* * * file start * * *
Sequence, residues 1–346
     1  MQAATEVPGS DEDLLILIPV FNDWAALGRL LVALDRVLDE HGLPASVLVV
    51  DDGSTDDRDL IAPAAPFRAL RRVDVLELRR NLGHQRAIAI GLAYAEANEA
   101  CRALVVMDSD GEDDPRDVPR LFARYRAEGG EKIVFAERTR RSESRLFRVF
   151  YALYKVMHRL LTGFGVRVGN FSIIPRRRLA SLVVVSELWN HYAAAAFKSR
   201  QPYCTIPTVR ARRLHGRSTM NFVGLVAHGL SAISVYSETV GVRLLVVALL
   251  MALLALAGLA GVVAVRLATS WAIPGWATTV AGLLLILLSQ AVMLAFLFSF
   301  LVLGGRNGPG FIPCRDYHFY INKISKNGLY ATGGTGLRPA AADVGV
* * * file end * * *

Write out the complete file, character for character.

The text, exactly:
Sequence, residues 1–346
     1  MQAATEVPGS DEDLLILIPV FNDWAALGRL LVALDRVLDE HGLPASVLVV
    51  DDGSTDDRDL IAPAAPFRAL RRVDVLELRR NLGHQRAIAI GLAYAEANEA
   101  CRALVVMDSD GEDDPRDVPR LFARYRAEGG EKIVFAERTR RSESRLFRVF
   151  YALYKVMHRL LTGFGVRVGN FSIIPRRRLA SLVVVSELWN HYAAAAFKSR
   201  QPYCTIPTVR ARRLHGRSTM NFVGLVAHGL SAISVYSETV GVRLLVVALL
   251  MALLALAGLA GVVAVRLATS WAIPGWATTV AGLLLILLSQ AVMLAFLFSF
   301  LVLGGRNGPG FIPCRDYHFY INKISKNGLY ATGGTGLRPA AADVGV